In about one month’s time, President Lungu will dissolve parliament and this will open wide the wheels of democracy in our beloved republic.
This is so because we shall again have the tripartite elections comprising the presidential, parliamentary and local government elections.
Many citizens will be trying their lack at being elected to any one of those much sort for and esteemed public offices of our land.
This time the game will be different.
The election which we saw in the past have their rules changed. For example, in the presidential case, the simple majority makes you winner and that winner takes-all is over.
Now it has to be a strong majority of 50% plus 1 vote (not 1 %!). If you win the presidential race, you will have to share the spoils with your running mate, whom you cannot fire anyhow, unless under special circumstances defined in the new constitution. Secondly, all people vying for public office will have to prove that they are “educated” by producing a Grade 12 certificate, which has proved to be a big hurdle for some to jump!
Apart from these changed rules (there are many more), there have been changes in voters conception. Whilst the late President Sata taught the people the Donchi kubeba tactic, the voters have been using it rampantly as some of the voting that has been taking place has shown.
In my opinion, this is a positive change in the sense that the voters are now exercising their democratic right to vote in a free and fair manner because they are no longer under the influence of “presents” and false promises made by politicians in the past. What has come up is that voters are looking for “substance” in the political message from any candidate or political matter for that matter.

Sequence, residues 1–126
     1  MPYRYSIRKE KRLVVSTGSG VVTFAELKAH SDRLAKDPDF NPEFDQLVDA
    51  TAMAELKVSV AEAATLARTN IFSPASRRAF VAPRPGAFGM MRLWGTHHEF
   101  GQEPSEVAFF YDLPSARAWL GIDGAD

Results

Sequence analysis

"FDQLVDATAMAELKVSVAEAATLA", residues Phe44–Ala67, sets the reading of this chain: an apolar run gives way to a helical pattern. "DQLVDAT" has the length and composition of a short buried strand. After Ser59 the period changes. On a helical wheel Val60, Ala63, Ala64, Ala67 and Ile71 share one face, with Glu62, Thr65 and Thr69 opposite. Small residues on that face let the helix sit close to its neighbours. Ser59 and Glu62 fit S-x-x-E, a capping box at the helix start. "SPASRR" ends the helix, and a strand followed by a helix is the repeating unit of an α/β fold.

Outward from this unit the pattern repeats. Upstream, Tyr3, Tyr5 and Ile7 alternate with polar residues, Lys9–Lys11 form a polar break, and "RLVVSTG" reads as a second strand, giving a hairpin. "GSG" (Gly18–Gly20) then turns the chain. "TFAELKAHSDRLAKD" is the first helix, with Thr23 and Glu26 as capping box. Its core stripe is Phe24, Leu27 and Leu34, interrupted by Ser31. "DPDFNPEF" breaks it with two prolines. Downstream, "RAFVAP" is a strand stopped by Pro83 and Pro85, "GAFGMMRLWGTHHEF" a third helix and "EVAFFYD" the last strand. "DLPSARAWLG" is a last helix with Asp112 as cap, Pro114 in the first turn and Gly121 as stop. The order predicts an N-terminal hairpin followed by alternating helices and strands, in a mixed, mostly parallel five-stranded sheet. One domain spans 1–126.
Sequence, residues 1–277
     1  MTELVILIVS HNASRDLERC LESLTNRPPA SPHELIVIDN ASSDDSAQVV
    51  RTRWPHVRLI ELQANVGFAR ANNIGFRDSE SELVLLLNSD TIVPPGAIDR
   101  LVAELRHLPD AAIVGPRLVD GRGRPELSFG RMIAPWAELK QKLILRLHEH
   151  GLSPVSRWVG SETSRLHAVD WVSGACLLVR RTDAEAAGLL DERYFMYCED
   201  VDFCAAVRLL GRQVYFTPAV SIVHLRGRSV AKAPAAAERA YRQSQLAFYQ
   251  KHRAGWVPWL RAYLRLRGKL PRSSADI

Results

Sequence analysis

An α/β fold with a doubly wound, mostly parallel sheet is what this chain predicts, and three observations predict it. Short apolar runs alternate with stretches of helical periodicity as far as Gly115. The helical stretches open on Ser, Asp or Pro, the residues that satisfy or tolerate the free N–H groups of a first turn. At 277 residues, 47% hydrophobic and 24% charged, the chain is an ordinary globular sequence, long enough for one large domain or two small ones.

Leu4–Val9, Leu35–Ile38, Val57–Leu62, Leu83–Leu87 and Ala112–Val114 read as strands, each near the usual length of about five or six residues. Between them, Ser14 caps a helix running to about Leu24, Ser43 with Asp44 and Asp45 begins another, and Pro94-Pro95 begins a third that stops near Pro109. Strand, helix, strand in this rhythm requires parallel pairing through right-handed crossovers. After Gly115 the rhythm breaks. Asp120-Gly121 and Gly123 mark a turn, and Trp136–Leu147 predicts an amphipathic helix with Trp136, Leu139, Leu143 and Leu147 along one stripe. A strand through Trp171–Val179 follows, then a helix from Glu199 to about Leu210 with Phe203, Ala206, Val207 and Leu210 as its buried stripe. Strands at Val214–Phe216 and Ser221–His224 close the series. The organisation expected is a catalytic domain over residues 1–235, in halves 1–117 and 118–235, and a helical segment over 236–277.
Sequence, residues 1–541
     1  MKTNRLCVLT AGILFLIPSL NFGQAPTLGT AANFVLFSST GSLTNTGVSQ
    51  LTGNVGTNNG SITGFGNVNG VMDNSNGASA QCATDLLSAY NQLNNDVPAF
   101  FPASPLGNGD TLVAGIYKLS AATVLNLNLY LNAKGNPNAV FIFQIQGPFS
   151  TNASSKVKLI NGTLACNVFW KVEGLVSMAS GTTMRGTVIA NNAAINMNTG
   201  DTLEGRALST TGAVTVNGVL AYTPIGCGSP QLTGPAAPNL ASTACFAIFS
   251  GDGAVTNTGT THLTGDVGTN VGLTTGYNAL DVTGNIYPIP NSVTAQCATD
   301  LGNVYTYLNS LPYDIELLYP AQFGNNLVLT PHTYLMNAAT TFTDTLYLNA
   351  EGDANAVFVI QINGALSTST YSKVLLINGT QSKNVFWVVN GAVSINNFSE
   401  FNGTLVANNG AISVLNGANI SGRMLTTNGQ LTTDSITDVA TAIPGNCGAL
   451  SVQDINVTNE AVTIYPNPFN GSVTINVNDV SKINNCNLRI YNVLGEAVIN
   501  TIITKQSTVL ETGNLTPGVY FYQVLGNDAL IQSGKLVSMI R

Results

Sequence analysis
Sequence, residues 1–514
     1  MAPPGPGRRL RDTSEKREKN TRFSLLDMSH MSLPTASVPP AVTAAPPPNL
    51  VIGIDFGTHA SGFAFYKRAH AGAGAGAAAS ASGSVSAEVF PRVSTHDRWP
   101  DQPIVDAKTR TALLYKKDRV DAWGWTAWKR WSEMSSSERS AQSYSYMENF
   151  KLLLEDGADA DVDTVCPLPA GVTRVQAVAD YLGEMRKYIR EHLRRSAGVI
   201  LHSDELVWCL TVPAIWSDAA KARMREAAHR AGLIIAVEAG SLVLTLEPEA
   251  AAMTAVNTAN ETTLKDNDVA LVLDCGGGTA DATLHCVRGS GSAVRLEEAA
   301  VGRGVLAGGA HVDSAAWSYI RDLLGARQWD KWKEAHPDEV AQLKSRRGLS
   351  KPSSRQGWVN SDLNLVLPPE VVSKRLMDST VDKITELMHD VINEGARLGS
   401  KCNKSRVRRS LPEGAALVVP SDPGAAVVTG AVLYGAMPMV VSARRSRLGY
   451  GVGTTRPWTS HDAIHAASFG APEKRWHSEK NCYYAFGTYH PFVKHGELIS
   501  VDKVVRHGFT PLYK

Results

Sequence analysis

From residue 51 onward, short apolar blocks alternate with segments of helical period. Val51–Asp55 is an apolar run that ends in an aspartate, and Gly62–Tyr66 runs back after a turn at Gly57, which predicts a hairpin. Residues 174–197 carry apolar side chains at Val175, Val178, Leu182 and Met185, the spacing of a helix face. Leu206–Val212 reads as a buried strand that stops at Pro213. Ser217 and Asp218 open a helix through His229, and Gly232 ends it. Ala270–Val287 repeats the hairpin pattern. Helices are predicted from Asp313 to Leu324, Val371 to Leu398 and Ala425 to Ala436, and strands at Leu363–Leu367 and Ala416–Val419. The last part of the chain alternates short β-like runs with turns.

Whilst in a society, political expectations can vary from social class to social class, from age group to age group, from urban to rural areas and so on; there are still issues that are characteristic to a nation.
These are issues that cut across lines, whether age, gender, urban or rural, political affiliation, tribe or social status. With a new constitution in place and voters that are more knowledgeable, it is expected that this will be a tightly contested elections between presidential candidates and indeed, political parties. This contest will be on issues and not promises.
If you are promising, just know that in the next elections in 2021, you are out! People are no longer interested in promises, they are interested in actions.
These should be actions that will improve their standards of living (jobs, good and readily available health services, high quality education), bring them dignity locally and internationally and create conditions for the people to realise their personal and differentiated dreams in a peaceful and harmonious country called Zambia. The issues at hand are:
Firstly, the new government should be the one that MUST create jobs through the setting up of job-creating ventures and providing financial and technical support to small and medium enterprises (SMEs). Yes, let’s not despise or fear the participation of government in business. This time, it must be done in an efficient manner, mainly to act as the provider of the necessary capital that is not readily available to local businessmen due to poor monetary policy or poor business acumen by our local entrepreneurs.